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Travelling to the USA? These are America’s most bizarre tourist attractions

The statue of liberty, Yellowstone National Park, and Mount Rushmore are surely some of the most famous and visited tourist attractions in the US. But there are a handful of not very well known and strange sights that provide visitors with an alternative and offbeat experience.

There are literally hundreds of curious sites not likely to be included in any traditional travel booklet, so we’re going to list five here that really caught our attention.

International Cryptozoology Museum

International Cryptozoology Museum

Cryptozoology is a pseudoscience that studies rare animals from foklore, literature, and popular myths. And in Maine, giant beavers, mermaids, and a Sasquatch baby have all found a home.

Here you can find a wide range of exhibits with alleged real specimens as well as artistic depictions of the strangest creatures you’ve ever imagined. Curators have even incorporated a ‘Cryptoscatology’ section, which yeah you’ve guessed it, showcases the dumps of imaginary creatures.

The museum is located just a five-minute walk from the Portland Transportation Center. Admission is US$10 (AUS$13) for adults.

The Mütter Museum

Self-described as “America’s finest museum of medical history”, the Mütter Museum displays a collection of anatomical specimens deformed by disease or mutation, creepy 19th-century medical instruments, and more. Much more.

This unusual exhibit in Philadelphia attracts around 130,000 visitors every year and has been featured on a myriad of TV programs and specials.

Among its cabinets you can find a jaw tumor of US President Grover Cleveland, one of the tallest human skeletons displayed in the world today, and impressively, Einstein’s brain.

A tourist attraction definitively not for the squeamish, attendance is US$18 (AUS$23) for adults.

International UFO Museum

International UFO Museum

Spinning out of the infamous ‘Roswell incident’ in 1947, the International UFO Museum & Research Center collects almost every audiovisual material connected with the alleged UFO crash.

The museum calls itself as “the leading information source in history, science and research about UFO events worldwide.” Their exhibit is both indoor and outdoors and they even hold a yearly festival.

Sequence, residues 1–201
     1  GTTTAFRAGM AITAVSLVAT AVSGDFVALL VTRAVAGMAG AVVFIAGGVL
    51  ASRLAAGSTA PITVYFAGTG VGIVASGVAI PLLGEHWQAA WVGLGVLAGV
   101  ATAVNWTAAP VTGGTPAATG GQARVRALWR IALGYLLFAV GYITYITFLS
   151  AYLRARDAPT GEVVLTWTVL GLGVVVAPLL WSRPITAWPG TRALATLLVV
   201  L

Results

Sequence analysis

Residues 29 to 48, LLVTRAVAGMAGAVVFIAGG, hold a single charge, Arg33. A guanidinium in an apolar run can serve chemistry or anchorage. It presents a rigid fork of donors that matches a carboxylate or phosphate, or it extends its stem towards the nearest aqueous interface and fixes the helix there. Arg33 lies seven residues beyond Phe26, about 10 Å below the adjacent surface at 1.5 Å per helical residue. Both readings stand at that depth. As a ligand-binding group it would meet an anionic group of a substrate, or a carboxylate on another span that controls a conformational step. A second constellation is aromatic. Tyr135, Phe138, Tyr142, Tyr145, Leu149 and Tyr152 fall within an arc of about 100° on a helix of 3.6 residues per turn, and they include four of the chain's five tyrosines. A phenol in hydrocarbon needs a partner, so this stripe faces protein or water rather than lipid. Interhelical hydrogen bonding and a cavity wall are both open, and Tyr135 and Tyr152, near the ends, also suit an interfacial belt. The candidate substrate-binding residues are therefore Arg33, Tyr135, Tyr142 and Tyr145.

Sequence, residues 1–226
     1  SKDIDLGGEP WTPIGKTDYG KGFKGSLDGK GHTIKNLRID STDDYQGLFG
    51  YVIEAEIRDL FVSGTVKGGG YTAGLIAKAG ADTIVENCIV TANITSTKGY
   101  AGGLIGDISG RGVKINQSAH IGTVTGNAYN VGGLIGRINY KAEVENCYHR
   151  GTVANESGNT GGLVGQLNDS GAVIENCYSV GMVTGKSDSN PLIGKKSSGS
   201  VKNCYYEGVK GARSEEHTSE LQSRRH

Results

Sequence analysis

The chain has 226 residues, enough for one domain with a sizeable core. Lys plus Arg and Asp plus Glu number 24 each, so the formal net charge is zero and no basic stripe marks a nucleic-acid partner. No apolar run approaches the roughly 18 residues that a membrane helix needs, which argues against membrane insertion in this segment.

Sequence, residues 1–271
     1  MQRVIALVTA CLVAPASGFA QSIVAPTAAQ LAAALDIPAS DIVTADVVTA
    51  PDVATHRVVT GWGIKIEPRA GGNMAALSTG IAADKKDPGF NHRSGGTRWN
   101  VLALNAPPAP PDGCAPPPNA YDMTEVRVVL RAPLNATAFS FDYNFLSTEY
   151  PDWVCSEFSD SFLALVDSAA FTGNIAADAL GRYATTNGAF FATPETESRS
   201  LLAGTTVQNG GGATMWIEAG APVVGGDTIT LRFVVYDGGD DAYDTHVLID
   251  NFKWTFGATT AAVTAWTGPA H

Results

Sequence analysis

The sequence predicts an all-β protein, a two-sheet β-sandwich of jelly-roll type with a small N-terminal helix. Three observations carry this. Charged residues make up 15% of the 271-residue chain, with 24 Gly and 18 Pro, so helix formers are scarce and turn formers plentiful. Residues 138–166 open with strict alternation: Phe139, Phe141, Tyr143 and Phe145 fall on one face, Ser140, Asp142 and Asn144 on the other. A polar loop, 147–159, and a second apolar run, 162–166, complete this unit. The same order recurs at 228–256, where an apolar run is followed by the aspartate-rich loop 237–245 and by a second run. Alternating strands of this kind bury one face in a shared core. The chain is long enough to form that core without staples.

Located in 114 N Main St. Roswell, New Mexico, admission is US$5 (AUS$6.45).

MOBA, The Museum of Bad Art

Museum of Bad Art

Unlike MOMA, the Museum of Bad Art is dedicated to all those works just “too bad to be ignored.” Since 1994, their mission statement is to bring the worst of the worst to the biggest audience possible.

Their collection amounts to some 800 outstandingly awful pieces, exhibiting 50 to 70 at a time.

“MOBA is a small museum that celebrates the labor of artists whose work would be displayed and appreciated in no other forum.” they state on their official website.

Their main gallery is located in the basement of the Somerville Theater, and they have a smaller exhibit at the New England Wildlife Center. Admission to both galleries is completely free.

The Paper House

The Paper House

The Paper House is an actual house made from newspaper. No really. It was built in 1922 by a mechanical engineer, Mr. Elis F. Stenman, known for designing the machines that make paper clips.

Eventually, not only did he build the whole house but he made the furniture as well, turning what began as a summer hobby into a lifelong endeavor that produced an insanely intricate work of art.

The house is located in Rockport, and admission is US$2 (AUS$2.5) for adults.

About the author

Filmmaker. 3D artist. Procrastination guru. I spend most of my time doing VFX work for my upcoming film Servicios Públicos, a sci-fi dystopia about robots, overpopulated cities and tyrant states. @iampineros

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